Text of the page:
‘Lost’ shrub frog turns up after 100 years

By Malaka Rodrigo

A tiny shrub frog that was first spotted and identified 100 years ago was rediscovered in 2005 by two Sri Lankans.

The Tiny-Red Shrub-Frog – Pseudophilautus semiruber

The Tiny-Red Shrub-Frog – Pseudophilautus semiruber – is one of the smallest frog species in the world. Out of a total of 5,000 plus species of frogs in the world, only 46 species are 15 millimetres in length and under. These diminutive species are so small they can comfortably rest on the tip of your small finger. This is the third such species found in Sri Lanka; the others are Pseudophilautus simba and Pseudophilautus tanu.

In 1911, a scientist named N. Annandale found a 12mm frog in Pattipola, at an elevation of 1,850 metres above sea level. The creature, of undetermined sex, was formally described in 1913, using this single specimen. The tiny creature remained elusive for the next 95 years. In 2005, Dr. Madhava Meegaskumbura of the University of Peradeniya and Mohamed Bahir found a single female in wet leaf litter in a misty montane forest near the Horton Plains National Park.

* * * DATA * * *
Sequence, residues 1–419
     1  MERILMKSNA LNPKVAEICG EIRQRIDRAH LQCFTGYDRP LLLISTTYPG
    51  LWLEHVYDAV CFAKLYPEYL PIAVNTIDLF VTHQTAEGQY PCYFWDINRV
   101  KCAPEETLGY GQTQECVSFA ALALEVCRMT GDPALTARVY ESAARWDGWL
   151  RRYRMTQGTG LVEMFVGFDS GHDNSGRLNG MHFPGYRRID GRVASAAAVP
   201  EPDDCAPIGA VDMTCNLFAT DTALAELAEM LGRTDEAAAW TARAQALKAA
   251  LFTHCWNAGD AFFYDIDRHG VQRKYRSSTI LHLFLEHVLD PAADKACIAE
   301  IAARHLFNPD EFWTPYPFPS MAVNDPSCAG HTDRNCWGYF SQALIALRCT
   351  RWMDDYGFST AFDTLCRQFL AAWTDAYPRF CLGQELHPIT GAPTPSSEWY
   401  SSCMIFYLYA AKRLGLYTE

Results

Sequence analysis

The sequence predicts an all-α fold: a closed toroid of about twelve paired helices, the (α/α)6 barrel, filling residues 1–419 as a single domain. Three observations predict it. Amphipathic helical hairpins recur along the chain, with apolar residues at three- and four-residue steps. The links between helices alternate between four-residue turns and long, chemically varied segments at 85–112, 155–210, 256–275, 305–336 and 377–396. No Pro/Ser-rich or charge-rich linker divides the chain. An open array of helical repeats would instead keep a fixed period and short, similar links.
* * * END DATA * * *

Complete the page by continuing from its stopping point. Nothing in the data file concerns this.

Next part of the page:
The rediscovery was announced and a new description given in the March 2012 issue of the journal ZOOTAXA. The tiny red frog is at the edge of extinction. Sri Lanka has been described as an “amphibian hotspot”. Many species new to science have been found in Sri Lanka; meanwhile, 21 species have become extinct.

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